Opened 5 years ago

Last modified 4 years ago

#9699 new feature request

TH function to list names in scope

Reported by: MikeIzbicki Owned by:
Priority: normal Milestone:
Component: Template Haskell Version: 7.8.3
Keywords: Cc: spinda, mgsloan
Operating System: Unknown/Multiple Architecture: Unknown/Multiple
Type of failure: None/Unknown Test Case:
Blocked By: Blocking:
Related Tickets: Differential Rev(s):
Wiki Page:


I [asked about this on stackoverflow](, and apparently it doesn't exist yet.

I want a TemplateHaskell function variablesInScope :: Q [Name] that returns a list of the Name's of all the variables in scope. TemplateHaskell obviously has this information available in order to implement functions like reify :: Name -> Q Info and lookupValueName :: String -> Q (Maybe Name). So it seems like this might be a pretty simple function to add.

Change History (6)

comment:1 Changed 5 years ago by simonpj

Indeed it would not be hard. I'd be open to patches.

There are open design questions. Do you mean "all names in scope" (including imported ones)? There may be a lot of those. Or just those bound in this module? Or just those bound by nested (non-top-level) definitions?

Moreover, although, say Data.List.partition may not be lexically in scope, it's fine to generate a TH program that refers to it, thus:

module Foo where
import Bar( bar )
f x = $(bar 5)

where bar is a TH function in another module Bar where Data.List.partition is in scope, and (bar 5) expands to code mentioning partition. So, is Data.List.partition "in scope"?

As ever, getting the specification right (and precise) is a big part of the work!


comment:2 Changed 4 years ago by spinda

Attempt at a rough specification:

(1) Extend ModuleInfo (obtained from reifyModule) to ModuleInfo [Module] [Name], where [Module] is still the import list and [Name] contains the module's list of exported names.

(2) Add thisModule :: Q Module producing the current Module.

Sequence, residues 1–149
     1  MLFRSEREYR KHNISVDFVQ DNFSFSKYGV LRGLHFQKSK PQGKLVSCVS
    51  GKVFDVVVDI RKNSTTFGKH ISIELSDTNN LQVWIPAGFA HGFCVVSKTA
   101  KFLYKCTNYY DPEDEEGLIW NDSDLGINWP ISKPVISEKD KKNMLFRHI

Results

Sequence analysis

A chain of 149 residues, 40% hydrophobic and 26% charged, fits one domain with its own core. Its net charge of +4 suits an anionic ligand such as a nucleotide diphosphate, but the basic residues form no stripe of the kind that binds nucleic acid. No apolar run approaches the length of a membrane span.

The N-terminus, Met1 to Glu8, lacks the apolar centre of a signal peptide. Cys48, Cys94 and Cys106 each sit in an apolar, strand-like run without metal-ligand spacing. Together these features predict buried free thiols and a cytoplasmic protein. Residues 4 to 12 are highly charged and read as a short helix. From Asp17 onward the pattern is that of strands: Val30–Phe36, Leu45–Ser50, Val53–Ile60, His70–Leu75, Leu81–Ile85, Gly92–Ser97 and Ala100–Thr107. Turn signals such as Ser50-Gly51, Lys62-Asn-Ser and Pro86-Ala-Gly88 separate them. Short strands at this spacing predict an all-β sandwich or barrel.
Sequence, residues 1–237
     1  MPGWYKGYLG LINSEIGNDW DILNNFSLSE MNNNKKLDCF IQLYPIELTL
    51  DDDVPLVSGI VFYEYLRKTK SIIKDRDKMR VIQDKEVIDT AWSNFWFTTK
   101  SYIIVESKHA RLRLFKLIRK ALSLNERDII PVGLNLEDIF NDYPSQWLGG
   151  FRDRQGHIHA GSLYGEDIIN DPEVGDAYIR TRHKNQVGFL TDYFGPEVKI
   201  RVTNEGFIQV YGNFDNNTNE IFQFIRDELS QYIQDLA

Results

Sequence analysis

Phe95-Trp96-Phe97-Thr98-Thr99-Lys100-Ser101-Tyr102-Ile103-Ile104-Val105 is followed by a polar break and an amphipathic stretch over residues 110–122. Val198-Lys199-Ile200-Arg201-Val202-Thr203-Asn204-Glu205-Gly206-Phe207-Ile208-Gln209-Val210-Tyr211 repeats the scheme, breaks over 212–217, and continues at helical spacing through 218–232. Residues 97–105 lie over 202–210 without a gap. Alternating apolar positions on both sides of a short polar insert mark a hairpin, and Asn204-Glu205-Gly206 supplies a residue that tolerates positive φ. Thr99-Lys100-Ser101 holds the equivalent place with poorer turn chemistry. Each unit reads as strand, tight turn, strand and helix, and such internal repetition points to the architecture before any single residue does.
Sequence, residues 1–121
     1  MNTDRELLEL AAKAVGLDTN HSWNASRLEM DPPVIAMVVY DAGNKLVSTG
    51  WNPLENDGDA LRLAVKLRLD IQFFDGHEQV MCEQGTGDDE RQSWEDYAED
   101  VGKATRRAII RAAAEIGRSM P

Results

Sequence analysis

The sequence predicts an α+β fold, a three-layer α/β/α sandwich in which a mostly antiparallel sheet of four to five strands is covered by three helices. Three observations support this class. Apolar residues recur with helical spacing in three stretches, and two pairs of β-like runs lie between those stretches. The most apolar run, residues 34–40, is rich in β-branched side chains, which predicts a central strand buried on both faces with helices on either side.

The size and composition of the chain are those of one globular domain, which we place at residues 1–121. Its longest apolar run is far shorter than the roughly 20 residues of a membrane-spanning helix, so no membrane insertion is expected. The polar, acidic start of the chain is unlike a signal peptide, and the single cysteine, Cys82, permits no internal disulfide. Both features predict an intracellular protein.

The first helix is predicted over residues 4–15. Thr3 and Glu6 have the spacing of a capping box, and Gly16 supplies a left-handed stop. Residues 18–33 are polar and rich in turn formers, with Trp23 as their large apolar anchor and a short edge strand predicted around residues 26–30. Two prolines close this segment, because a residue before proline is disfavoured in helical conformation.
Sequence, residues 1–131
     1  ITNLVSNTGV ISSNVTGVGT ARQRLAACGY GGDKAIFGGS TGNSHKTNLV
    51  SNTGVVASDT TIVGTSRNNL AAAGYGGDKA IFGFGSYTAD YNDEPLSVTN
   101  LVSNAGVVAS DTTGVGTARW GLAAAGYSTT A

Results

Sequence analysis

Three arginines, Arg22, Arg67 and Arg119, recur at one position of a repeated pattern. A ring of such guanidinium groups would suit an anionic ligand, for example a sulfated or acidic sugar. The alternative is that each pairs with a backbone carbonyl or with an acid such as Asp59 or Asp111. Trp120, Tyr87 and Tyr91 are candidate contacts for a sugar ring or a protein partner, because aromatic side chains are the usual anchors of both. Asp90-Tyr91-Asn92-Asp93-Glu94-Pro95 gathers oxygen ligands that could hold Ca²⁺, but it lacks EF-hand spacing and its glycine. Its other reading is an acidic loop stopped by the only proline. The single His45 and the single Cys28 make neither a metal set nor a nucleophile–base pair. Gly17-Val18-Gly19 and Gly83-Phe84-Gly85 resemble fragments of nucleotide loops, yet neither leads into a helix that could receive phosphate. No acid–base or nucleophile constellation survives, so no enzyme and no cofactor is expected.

(3) Add topLevelNames :: Q [Name] producing a list of top-level names (both exported and non-exported) bound in the current module that would be visible to reify.

(4) Add nestedNames :: Q [Name] (in need of a better name) producing a list of the non-top-level (nested) names visible to reify in this context.

(5) Add parentNames :: Q [Name] (also in need of a better name) producing a list of the names immediately associated with the current splicing context, if available. For example, foo, bar :: $(typeSplice) would see [foo, bar], foo = $(exprSplice) would see [foo], and $(topLevelDecSplice) would see [].

(6) Optional Add isTopLevel :: Name -> Q Bool to detect whether a name is bound at the top level (of the current module?). Something like this could alternately be accomplished by searching through topLevelNames.

Last edited 4 years ago by spinda (previous) (diff)

comment:3 Changed 4 years ago by spinda

Cc: spinda added

comment:4 Changed 4 years ago by MikeIzbicki

This would work for my use case.

Version 0, edited 4 years ago by MikeIzbicki (next)

comment:5 in reply to:  2 Changed 4 years ago by goldfire

Replying to spinda:

Attempt at a rough specification:

Thanks for putting this together. It's usually best to put this sort of specification on a (fresh) wiki page, so it can evolve more easily that is possible in a comment chain.

A few reactions to the spec:

  • The current module's list of exported names might include names that are not in scope, due to top-level splices. Recall that in a top-level splice, definitions below the splice are not yet in scope, yet might be mentioned in an export list. And there might be exported names that there is no way to know about: for example, if the export list says T(..) and T's definition is below a top-level splice, I doubt strongly GHC knows what constructors are in T when processing the top-level splice.
  • Rename nestedNames to localNames?
  • parentNames is underspecified. (What is returned within a type splice within an expression? What about a let-bound expression? What about in patterns?) I further believe that any tight specification will be woefully long and intricate. What is the expected use case of such a function?

comment:6 Changed 4 years ago by mgsloan

Cc: mgsloan added
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